On the Adult's Ability to Acquire Phonology
Gerald G. Neufeld
In writing a title should follow one of these strategies:
1.Name a general subject, followed by a colon and a phrase that renames the subject.
2.Name a general subject and narrow it with a prepositional phrase.
3.Name a general subject and cite a specific work that will illuminate the topic.
4.Name a general subject, followed by a colon, and followed by a phrase that describes the type of study.
5.Name a general subject, followed by a colon and followed by a question.
6.Establish a specific comparison. (Writing research paper, James D. Lester)
The article's title is "On the Adult's Ability to Acquire Phonology", so here the author follows the second strategy, which names a general subject and narrow it with a prepositional phrase.
The abstract is a brief description that appears in the beginning of the article in order to propose the main points in addition to summarize the entire work.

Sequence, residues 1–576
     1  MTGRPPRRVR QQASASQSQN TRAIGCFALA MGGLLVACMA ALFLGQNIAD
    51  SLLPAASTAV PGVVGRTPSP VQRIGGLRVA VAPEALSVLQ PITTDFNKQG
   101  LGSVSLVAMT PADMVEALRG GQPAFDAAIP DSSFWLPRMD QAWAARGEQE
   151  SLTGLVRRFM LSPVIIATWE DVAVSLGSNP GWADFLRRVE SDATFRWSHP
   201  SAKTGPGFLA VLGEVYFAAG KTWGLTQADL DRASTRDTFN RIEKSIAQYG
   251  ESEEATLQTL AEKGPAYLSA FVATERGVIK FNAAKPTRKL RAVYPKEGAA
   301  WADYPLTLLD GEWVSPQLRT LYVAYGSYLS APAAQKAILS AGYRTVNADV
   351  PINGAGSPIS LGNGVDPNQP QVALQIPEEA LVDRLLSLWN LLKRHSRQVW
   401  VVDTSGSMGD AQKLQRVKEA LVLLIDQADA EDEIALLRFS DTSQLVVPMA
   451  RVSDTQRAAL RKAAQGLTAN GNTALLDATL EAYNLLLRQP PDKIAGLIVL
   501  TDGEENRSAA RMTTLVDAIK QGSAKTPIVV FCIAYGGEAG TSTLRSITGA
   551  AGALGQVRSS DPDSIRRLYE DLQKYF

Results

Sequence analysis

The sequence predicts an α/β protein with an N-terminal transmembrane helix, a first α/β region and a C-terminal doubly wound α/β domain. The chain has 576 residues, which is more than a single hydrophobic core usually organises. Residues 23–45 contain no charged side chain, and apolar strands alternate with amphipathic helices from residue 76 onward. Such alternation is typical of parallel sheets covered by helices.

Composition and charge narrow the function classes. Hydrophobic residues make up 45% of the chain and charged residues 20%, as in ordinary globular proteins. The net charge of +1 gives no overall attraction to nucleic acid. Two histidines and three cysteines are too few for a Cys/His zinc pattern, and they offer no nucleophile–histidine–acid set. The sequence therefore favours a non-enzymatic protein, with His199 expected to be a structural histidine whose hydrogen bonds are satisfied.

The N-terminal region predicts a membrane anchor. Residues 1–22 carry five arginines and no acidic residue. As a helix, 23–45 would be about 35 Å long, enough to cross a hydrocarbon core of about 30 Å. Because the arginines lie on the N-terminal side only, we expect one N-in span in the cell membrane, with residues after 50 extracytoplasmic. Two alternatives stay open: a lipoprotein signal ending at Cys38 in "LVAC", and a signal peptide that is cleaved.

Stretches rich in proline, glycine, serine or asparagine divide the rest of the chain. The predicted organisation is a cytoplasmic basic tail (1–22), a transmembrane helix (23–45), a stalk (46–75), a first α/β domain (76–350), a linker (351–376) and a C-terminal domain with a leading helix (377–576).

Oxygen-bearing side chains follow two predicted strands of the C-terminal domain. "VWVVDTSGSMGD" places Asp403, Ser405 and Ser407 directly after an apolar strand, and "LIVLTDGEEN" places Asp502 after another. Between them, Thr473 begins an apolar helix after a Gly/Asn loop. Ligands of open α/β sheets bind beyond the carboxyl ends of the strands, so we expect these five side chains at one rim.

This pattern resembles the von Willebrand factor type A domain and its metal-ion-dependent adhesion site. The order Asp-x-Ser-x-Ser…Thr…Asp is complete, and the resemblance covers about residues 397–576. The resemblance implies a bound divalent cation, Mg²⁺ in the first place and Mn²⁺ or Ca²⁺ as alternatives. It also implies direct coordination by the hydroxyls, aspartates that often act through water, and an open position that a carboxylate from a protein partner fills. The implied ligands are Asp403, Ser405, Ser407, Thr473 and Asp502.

In any article, an abstract should be including the main key words, which demonstrate what the article is talking about. Acquisition, hypothesis, experiment and the result are all essential points in the article and regarded as key words. Putting these words together in formal sentences results a good abstract that makes everything clear to the reader rather than reading something obscure that leads to nothing.
The article talks about English speaking students who were advanced learners of French and who had acquired their second language as adults.
This article is related to L2 Acquisition. Its concern is showing how people from different areas can use language and acquire it somehow identically the same. As a result, the article is well done and could be attractive for the reader to know how we can...